Today's post is by UM & Global blogmaster Dr. David W. Scott, Assistant Professor of Religion and Pieper Chair of Servant Leadership at Ripon College.
Ebola and ISIS have been making scary headlines for months now, but in the last couple of days, they have made a particular impact on The United Methodist Church. News came yesterday that Dr. Martin Salia, the chief medical officer and only surgeon at Kissy United Methodist Hospital in Freetown, Liberia, had died while being treated at Nebraska Medical Center in Omaha. Dr. Salia is not the only person associated with the UMC to die of the disease, but his selfless role as a leader and servant in the fight against the disease made his death particularly hard for many in the UMC. At the same time, on Sunday, the White House confirmed the killing of Abdul-Rahman Peter Kassig, an American medical aid worker, by ISIS in Syria. Yesterday, UM News Service reported about Kassig's United Methodist parents in Indianapolis, IN. Kassig had converted to Islam during his captivity over the last year. Kassig is also not the first to die at the hands of ISIS, but perhaps the first with connections to the UMC.
Thus, the UMC is mourning this loss of two brave servants who sought to help others even in the face of danger and possible death. Both men were seeking to preserve the lives of others through medical care, but both lost their own lives. Their stories are both inspiring and tragic. They also raise larger questions of how we as individuals and as a church respond when faced with important but dangerous humanitarian situations: Do we engage, or do we protect ourselves?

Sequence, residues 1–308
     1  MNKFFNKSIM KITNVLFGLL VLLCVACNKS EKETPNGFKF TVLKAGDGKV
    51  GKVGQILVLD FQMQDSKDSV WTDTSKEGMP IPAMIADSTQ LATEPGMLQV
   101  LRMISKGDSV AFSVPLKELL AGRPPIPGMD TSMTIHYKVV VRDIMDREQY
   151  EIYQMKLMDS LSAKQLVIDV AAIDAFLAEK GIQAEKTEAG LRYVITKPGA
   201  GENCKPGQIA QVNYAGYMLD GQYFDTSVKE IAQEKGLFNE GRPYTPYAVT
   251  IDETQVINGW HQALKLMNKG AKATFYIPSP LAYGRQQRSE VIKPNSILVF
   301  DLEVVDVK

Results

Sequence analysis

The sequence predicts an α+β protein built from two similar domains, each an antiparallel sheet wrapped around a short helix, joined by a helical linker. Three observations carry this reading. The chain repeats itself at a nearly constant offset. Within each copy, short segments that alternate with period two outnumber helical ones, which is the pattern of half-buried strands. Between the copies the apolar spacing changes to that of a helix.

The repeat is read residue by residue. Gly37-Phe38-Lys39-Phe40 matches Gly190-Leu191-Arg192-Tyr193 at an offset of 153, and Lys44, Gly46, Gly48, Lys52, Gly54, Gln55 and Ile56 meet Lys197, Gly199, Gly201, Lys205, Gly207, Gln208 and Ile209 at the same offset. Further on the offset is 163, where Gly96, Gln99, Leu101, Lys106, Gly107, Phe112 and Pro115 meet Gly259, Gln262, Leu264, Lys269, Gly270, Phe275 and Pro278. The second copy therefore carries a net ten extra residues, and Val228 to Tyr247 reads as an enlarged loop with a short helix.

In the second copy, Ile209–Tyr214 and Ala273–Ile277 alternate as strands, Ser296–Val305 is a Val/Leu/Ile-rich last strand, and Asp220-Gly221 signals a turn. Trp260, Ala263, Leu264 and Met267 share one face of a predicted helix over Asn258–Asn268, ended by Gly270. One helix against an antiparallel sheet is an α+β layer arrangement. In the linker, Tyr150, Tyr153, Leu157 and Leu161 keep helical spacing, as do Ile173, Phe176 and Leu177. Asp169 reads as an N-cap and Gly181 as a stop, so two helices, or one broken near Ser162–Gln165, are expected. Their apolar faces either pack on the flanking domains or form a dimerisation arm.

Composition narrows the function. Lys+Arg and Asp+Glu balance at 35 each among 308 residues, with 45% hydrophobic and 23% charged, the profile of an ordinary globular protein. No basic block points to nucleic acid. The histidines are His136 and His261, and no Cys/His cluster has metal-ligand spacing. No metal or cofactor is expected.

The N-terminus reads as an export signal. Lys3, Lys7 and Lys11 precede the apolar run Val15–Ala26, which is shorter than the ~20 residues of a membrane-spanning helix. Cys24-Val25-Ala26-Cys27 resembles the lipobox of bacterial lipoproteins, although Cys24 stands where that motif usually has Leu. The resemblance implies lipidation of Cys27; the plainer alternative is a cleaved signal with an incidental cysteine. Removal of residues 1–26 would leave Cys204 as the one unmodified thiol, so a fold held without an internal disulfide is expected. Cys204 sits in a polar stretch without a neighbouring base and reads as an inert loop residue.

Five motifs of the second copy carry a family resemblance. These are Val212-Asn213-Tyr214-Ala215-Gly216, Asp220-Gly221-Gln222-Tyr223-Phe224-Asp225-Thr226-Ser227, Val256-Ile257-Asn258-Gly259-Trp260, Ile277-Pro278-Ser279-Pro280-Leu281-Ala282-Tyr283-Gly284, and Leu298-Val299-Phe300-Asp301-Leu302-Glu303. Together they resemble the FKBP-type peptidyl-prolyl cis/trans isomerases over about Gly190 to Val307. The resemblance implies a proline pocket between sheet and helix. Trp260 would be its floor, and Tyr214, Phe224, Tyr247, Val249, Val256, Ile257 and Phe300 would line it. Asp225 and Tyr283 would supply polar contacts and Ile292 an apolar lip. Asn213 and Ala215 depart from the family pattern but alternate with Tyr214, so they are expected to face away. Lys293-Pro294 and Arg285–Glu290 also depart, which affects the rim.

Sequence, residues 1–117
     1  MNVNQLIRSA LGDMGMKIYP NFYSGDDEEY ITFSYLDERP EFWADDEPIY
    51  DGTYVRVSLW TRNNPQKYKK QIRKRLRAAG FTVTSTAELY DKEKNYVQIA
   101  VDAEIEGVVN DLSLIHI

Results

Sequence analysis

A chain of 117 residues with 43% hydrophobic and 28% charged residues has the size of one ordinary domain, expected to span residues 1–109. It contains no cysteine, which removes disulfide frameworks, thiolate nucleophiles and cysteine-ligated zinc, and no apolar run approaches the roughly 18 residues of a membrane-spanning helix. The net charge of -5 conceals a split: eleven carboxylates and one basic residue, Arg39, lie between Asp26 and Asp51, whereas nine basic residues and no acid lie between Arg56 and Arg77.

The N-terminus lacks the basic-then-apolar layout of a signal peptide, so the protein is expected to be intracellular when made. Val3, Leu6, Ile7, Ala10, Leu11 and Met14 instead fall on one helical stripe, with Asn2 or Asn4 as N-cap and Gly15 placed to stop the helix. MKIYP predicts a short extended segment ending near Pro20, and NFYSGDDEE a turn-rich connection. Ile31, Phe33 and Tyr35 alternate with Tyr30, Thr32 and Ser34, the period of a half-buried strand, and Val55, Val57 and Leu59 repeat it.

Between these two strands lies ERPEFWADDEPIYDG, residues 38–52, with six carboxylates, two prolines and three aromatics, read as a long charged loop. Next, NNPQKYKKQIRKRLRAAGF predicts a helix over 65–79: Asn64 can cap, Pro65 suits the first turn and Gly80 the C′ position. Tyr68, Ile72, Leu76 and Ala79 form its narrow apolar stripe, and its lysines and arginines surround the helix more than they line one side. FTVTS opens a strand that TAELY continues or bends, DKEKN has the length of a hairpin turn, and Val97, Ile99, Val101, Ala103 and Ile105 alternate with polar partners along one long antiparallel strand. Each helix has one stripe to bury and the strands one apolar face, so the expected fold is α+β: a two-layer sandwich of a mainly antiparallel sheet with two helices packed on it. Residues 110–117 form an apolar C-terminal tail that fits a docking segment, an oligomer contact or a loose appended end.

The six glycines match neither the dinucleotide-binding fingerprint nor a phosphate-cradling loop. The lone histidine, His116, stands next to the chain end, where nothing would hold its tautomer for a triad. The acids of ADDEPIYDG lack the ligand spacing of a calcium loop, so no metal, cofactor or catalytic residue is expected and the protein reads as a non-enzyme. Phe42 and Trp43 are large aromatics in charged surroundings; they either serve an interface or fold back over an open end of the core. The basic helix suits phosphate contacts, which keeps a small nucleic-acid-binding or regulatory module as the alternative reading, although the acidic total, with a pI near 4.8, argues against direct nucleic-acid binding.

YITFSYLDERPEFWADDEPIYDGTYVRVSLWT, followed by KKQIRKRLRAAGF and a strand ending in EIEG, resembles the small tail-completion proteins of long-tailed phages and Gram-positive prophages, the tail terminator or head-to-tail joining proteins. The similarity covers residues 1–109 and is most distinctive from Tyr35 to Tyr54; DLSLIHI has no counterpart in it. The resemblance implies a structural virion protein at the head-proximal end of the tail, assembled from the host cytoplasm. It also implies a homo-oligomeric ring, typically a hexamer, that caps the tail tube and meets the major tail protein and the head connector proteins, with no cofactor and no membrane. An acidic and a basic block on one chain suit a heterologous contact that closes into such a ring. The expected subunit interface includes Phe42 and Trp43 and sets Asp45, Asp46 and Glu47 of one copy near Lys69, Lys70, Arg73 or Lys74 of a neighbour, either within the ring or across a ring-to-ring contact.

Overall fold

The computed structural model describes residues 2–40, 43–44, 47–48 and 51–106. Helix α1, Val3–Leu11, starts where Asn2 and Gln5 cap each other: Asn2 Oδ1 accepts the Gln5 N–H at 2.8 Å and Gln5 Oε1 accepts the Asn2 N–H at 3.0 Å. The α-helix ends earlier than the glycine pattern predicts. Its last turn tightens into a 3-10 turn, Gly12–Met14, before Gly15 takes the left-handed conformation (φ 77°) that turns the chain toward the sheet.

Both Dr. Salia and Mr. Kassig chose to engage, and I hope others in the UMC will follow them. Our faith encourages us to serve others, even at the risk of our own lives. As Mark 8:35 says, "Whoever wants to save their life will lose it, and whoever loses their lives for me and for the gospel will save it." Though safety and security are good goals, we must be careful lest they become temptations that would keep us from doing what God calls us to. Dr. Salia was clear that his work was a calling from God. He told UM Communications, "I see it as God’s own desired framework for me. I took this job not
because I want to, but I firmly believe that it was a calling and that
God wanted me to." Calling may sometimes be a calling to self-sacrifice, as in the case of Salia and Kassig. But while the world may fear death, we as Christians are not called to fear or deny or avoid death. We are called to overcome death through the resurrection made possible by Jesus' own death and resurrection.
Dr. Salia and Mr. Kassig deserve our prayers and gratitude, and their families also deserve our prayers and support. I hope the lesson we take from their lives is that service is worth it, even when it comes at the ultimate cost.